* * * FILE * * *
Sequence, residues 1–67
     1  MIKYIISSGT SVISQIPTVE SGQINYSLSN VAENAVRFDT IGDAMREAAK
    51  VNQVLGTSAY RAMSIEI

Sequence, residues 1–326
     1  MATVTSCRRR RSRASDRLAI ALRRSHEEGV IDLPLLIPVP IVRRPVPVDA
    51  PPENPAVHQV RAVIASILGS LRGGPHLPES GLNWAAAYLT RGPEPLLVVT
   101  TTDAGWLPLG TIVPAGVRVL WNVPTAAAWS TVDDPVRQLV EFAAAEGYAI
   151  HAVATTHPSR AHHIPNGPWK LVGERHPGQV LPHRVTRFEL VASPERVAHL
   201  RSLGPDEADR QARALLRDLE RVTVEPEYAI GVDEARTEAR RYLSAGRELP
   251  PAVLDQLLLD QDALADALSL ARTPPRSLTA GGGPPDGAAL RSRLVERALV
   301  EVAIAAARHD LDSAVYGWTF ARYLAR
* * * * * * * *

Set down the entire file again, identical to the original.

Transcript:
Sequence, residues 1–67
     1  MIKYIISSGT SVISQIPTVE SGQINYSLSN VAENAVRFDT IGDAMREAAK
    51  VNQVLGTSAY RAMSIEI

Sequence, residues 1–326
     1  MATVTSCRRR RSRASDRLAI ALRRSHEEGV IDLPLLIPVP IVRRPVPVDA
    51  PPENPAVHQV RAVIASILGS LRGGPHLPES GLNWAAAYLT RGPEPLLVVT
   101  TTDAGWLPLG TIVPAGVRVL WNVPTAAAWS TVDDPVRQLV EFAAAEGYAI
   151  HAVATTHPSR AHHIPNGPWK LVGERHPGQV LPHRVTRFEL VASPERVAHL
   201  RSLGPDEADR QARALLRDLE RVTVEPEYAI GVDEARTEAR RYLSAGRELP
   251  PAVLDQLLLD QDALADALSL ARTPPRSLTA GGGPPDGAAL RSRLVERALV
   301  EVAIAAARHD LDSAVYGWTF ARYLAR